I hate that books like this have to exist but I'm grateful that this one does. All of the essays were powerful but the last one will stay with me forever and should be required reading for all high school aged kids, who should read it again while at university and then again post college and at least twice a year after that.

I also appreciated Roxane's explanation of "not that bad" I've often said this to myself and other women...I am ashamed of this fact. thank you for highlighting why it is all that bad.

3 of 3 people found this review helpful

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Everyone should read this book

While I started listening to this book in early September, I didn't pick it up again until right before the Kavanaugh hearings. I'm not sure if this was excellent or poor timing, but it certainly added to the experience. All of the essays are extremely well written, and illustrate rape culture in many different ways. I also liked the the essays were fairly inclusive. Authors represented multiple races, cultures, gender identities and sexualities. While some stories mirrored my experiences more than others, all of the essays are relatable in their own way. Basically, this book turned my latent rage incandescent. I would recommend this book to literally everyone. Everybody should read this book.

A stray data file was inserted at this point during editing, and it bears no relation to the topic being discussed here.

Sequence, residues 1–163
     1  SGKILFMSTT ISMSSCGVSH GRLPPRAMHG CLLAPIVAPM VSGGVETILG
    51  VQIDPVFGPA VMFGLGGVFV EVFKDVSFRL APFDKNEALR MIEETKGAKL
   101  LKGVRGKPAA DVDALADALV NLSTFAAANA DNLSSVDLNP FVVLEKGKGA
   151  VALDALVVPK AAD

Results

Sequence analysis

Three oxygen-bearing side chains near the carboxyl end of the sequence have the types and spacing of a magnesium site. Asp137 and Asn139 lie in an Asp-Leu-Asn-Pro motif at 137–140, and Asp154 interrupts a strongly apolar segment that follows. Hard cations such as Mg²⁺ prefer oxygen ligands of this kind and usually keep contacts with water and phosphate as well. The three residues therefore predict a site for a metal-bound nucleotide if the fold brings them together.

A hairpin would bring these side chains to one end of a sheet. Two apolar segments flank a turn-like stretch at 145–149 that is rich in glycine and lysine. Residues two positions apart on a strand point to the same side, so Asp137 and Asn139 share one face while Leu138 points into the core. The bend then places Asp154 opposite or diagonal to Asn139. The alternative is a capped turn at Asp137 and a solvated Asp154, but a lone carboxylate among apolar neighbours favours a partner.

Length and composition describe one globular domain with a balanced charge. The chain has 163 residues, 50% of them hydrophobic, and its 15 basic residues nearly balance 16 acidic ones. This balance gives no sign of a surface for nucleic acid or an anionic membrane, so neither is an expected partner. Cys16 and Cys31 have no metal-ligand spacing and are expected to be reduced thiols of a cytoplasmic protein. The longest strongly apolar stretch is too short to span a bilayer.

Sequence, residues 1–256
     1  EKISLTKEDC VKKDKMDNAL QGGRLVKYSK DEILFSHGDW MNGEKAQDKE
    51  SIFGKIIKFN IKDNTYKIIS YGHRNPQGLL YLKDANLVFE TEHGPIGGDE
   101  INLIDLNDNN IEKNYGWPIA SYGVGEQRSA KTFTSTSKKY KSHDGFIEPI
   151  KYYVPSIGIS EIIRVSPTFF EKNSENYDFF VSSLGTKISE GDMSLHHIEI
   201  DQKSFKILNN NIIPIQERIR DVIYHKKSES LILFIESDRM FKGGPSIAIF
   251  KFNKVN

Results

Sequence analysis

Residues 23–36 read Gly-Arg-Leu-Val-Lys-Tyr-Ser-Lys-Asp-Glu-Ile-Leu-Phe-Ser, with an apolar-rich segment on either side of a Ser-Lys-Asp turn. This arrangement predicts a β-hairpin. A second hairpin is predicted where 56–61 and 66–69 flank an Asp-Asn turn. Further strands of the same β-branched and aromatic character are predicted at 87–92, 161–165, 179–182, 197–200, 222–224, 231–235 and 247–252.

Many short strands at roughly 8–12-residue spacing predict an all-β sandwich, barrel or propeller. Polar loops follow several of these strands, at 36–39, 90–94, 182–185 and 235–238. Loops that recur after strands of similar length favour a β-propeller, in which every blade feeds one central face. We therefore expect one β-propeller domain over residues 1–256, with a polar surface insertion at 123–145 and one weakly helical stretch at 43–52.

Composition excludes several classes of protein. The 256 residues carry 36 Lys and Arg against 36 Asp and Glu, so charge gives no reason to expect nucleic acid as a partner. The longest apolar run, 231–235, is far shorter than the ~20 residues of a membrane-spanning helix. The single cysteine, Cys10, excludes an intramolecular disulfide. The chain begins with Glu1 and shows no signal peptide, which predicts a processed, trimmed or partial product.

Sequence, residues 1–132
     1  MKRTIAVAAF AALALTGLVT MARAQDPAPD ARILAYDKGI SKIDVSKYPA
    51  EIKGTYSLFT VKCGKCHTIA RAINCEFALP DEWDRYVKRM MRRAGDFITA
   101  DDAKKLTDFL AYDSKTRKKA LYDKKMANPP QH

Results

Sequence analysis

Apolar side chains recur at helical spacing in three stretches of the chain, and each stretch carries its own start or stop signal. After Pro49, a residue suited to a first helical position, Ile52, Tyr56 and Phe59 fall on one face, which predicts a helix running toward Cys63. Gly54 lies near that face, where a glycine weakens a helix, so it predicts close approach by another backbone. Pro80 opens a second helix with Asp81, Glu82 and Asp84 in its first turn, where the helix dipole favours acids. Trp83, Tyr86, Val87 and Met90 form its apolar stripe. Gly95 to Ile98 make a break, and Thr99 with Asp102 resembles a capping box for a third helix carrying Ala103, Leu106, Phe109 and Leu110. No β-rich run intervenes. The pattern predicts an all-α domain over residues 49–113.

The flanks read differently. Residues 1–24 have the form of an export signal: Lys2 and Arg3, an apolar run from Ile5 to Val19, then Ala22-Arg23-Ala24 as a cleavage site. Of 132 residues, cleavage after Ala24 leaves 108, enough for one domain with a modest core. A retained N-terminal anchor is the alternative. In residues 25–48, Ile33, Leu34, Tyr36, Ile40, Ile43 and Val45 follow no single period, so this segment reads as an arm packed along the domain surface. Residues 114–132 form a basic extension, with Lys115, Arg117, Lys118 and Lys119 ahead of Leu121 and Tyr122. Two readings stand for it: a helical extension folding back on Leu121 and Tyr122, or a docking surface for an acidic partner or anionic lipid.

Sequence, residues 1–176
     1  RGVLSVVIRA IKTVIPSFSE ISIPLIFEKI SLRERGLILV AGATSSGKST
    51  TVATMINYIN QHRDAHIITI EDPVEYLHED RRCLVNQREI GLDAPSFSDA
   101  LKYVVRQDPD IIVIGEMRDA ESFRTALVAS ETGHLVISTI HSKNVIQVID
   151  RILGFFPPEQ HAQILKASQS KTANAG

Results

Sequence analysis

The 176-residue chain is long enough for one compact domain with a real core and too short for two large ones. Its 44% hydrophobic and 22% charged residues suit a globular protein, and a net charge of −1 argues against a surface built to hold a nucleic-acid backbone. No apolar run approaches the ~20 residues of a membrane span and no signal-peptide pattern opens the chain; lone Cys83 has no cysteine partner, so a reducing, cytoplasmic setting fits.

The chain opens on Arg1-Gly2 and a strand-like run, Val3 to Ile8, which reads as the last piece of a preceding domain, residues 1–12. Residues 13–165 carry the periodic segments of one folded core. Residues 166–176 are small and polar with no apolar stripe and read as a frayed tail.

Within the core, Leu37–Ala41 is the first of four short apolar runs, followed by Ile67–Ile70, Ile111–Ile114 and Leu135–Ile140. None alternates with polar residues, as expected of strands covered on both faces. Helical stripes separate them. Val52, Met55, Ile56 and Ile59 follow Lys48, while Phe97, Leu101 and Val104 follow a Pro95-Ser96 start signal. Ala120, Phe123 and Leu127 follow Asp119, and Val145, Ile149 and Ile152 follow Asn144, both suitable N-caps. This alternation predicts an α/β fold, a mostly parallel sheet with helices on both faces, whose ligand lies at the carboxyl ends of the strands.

2 of 2 people found this review helpful

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The most moving book I've read this year

A collection of essays from a true variety of people reveals a true variety of experiences with rape culture. The thing you really take away from this book, however, is not the diversity of experiences but rather the common vein that runs through them. I could not recommend it more.